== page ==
13-year-old Jasper Hugunin, of Mercer Island, participated in Tuesday's White House science fair, where he showed off a computer game he had created. It was part of the Obama administration's effort to lift American students' performance in math and science.

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WASHINGTON — When Jasper Hugunin was 10, he wrote a computer program to quiz himself on multiplication and to time his answers. It was not, Jasper said, the best ticket to popularity in fifth grade.

But on Tuesday, the Mercer Island eighth-grader did something indisputably cool: He got to show off at the White House an award-winning computer game he had created.

Jasper was one of more than 100 students from around the nation invited to showcase their projects at the second White House Science Fair. The event was the Obama administration’s latest effort to lift U.S. students’ chronically mediocre performance in science and math.

President Obama toured nine displays set up in the State Dining Room and the Red Room, all winning entries from among 40 national science, technology, engineering and math (STEM) competitions. Obama test-fired a marshmallow from a compressed air cannon and admired a Los Angeles-student-turned-entrepreneur’s ecological sugar packets that dissolve. The president suggested Starbucks could use the patent-pending packets.

Obama then moved on to the East Room. There, the clearly impressed president told the students, families and educators that “it’s not every day you have robots running all over your house. I’m trying to figure out how you got through the metal detectors.”

Obama announced that his 2013 budget request next week will earmark $80 million to better train science and math teachers. An additional $22 million has been pledged by 14 organizations, including the Bill & Melinda Gates Foundation, to help mint 100,000 effective STEM teachers over the next decade.

The shortage of both STEM graduates and educators in the United States is well known. A report released simultaneously by the President’s Council of Advisors in Science and Technology said the nation will need to produce 1 million more STEM graduates in the next 10 years to match the jobs demand. Yet those are some of the toughest subjects to master; the report said fewer than 40 percent of college entrants who intended to major in a STEM field complete the degree.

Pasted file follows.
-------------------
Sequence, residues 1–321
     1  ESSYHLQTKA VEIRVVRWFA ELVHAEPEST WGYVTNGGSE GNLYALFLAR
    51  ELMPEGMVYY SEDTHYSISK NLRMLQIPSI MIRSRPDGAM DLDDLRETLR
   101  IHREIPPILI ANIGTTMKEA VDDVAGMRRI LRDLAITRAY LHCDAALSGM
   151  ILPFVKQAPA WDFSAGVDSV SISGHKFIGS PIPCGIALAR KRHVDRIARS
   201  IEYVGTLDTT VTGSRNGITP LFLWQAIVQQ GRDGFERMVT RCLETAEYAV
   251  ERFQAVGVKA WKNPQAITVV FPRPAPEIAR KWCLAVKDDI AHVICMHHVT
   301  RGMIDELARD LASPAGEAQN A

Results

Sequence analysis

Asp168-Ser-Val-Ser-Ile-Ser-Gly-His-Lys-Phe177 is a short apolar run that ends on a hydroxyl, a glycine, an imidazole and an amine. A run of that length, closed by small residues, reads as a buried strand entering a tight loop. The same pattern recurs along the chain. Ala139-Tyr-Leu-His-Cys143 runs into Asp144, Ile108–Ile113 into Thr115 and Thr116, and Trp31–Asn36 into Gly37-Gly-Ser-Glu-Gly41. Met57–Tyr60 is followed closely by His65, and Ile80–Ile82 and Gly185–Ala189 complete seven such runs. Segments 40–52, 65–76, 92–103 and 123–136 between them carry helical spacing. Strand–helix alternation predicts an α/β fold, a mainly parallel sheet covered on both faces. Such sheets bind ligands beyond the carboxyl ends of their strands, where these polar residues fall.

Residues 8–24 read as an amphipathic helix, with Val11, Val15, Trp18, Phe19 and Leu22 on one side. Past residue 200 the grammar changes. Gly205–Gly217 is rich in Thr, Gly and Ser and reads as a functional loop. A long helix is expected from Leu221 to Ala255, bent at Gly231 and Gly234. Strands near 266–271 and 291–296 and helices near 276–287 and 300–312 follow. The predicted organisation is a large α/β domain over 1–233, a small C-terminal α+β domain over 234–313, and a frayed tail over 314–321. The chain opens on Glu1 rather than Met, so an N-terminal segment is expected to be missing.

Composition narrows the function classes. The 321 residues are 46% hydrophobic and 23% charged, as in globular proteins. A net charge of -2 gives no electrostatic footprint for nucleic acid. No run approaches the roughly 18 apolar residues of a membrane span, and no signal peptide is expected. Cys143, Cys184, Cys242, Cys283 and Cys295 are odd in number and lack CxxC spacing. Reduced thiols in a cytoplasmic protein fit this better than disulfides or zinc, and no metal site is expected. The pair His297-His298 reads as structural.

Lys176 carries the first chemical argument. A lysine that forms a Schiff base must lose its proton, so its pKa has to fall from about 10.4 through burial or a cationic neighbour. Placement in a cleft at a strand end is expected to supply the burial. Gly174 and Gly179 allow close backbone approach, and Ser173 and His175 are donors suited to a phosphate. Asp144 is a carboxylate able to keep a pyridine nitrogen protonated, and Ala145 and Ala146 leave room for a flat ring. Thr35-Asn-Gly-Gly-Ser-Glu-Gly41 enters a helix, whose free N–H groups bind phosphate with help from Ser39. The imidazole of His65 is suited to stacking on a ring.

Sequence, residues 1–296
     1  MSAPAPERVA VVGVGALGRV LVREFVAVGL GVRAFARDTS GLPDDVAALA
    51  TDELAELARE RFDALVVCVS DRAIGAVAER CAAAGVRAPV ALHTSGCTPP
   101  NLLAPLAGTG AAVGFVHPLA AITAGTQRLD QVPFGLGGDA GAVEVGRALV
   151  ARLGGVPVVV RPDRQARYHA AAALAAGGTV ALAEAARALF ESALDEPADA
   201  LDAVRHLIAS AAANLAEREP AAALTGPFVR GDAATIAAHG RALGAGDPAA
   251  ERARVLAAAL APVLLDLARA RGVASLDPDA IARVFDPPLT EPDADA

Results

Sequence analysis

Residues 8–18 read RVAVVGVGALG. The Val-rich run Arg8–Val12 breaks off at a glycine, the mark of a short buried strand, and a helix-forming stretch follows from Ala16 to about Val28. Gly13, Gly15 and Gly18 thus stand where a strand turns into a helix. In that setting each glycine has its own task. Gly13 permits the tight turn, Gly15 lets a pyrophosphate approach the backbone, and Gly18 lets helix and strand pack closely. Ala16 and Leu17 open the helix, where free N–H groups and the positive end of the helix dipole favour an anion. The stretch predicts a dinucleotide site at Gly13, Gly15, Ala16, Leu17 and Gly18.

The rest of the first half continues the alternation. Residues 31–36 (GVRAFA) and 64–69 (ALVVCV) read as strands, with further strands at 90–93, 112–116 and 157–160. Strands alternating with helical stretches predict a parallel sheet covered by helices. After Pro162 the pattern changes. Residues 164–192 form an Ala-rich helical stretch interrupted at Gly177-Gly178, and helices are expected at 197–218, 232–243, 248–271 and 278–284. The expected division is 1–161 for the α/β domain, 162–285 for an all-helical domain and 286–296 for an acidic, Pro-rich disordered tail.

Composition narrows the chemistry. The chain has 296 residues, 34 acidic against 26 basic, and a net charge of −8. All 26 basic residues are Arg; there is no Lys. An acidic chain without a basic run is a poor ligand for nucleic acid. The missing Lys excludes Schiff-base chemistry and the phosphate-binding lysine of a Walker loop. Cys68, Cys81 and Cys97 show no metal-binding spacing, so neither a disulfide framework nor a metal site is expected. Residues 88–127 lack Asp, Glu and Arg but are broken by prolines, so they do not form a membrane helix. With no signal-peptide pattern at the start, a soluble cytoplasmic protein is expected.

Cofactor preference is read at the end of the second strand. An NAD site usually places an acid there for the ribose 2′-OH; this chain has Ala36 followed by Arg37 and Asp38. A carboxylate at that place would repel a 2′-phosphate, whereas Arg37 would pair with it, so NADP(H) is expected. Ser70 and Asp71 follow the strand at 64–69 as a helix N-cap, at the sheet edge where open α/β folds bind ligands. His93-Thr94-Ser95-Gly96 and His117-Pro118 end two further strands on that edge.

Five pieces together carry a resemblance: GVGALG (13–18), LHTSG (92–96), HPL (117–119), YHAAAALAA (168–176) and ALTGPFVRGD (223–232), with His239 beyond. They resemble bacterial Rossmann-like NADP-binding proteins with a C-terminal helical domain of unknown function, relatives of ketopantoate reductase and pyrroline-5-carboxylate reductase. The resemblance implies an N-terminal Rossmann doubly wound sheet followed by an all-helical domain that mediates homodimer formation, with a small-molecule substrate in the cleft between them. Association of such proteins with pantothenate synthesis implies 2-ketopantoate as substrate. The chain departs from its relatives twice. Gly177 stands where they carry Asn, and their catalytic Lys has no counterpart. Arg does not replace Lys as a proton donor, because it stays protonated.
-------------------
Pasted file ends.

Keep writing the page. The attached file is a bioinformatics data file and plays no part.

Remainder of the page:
The U.S. particularly lags behind other developed nations in math. In 2009, American 15-year-olds ranked 27th of 34 countries in the Programme for International Student Assessment, far behind South Korea, Finland and Switzerland and trailed only by Italy, Spain, Greece, Israel, Turkey, Chile and Mexico.

Jasper, now 13 and a student at Islander Middle School, was one of 12 winners of the National STEM Video Game Challenge for fifth- through eighth-graders last year. Jasper’s game, Robot Commander, allows players to maneuver a robot toward a target by writing code, such as f (4) to move forward four spaces.

The judges, who fielded 500 entries, lauded Jasper’s game for being enticing and playable.

Jasper talks eagerly about the power of programming. It is, he said, a way to gain dominance over machines.

With programming, “the machines stop having power over you,” he said. “I can create my own tools,” not unlike a blacksmith’s forge.

Jasper thinks schools can do more to expose students to the wonders of science and technology. Islander Middle School does not offer a computer-science class. Jasper was initially turned on to computer programming by his father, Jim, who was at Microsoft before joining Google as a software engineer.

Jim Hugunin helped man his son’s display table, which was set up a floor below the East Room.

Though Jasper did not get to greet Obama, he hoped the presidential approval would help bump up his passion’s coolness quotient with his peers.

“I’m sort of an outsider,” Jasper said. “There are a few (students) who are into programming, but not as much as I am.”

Lowering his right hand to hip level, Jasper said being a math or science whiz “used to be down here.”

“Now it’s up here,” he said, raising the left hand up to his chest. Then, placing his right hand above his head, he declared, “it really should be up here.”

Kyung Song: 202-662-7455 or ksong@seattletimes.com